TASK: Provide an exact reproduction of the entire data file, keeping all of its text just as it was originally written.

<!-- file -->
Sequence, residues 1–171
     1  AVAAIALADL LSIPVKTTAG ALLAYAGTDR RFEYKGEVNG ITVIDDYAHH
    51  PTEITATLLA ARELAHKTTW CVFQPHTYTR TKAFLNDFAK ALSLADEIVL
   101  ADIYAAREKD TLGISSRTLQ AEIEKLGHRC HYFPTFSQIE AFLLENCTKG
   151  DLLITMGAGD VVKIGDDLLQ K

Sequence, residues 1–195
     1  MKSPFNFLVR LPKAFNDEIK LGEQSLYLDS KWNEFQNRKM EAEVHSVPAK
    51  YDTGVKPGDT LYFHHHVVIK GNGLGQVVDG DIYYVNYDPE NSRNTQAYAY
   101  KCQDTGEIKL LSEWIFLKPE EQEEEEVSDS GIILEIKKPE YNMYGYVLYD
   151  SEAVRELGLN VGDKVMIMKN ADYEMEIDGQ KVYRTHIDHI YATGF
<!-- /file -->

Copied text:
Sequence, residues 1–171
     1  AVAAIALADL LSIPVKTTAG ALLAYAGTDR RFEYKGEVNG ITVIDDYAHH
    51  PTEITATLLA ARELAHKTTW CVFQPHTYTR TKAFLNDFAK ALSLADEIVL
   101  ADIYAAREKD TLGISSRTLQ AEIEKLGHRC HYFPTFSQIE AFLLENCTKG
   151  DLLITMGAGD VVKIGDDLLQ K

Sequence, residues 1–195
     1  MKSPFNFLVR LPKAFNDEIK LGEQSLYLDS KWNEFQNRKM EAEVHSVPAK
    51  YDTGVKPGDT LYFHHHVVIK GNGLGQVVDG DIYYVNYDPE NSRNTQAYAY
   101  KCQDTGEIKL LSEWIFLKPE EQEEEEVSDS GIILEIKKPE YNMYGYVLYD
   151  SEAVRELGLN VGDKVMIMKN ADYEMEIDGQ KVYRTHIDHI YATGF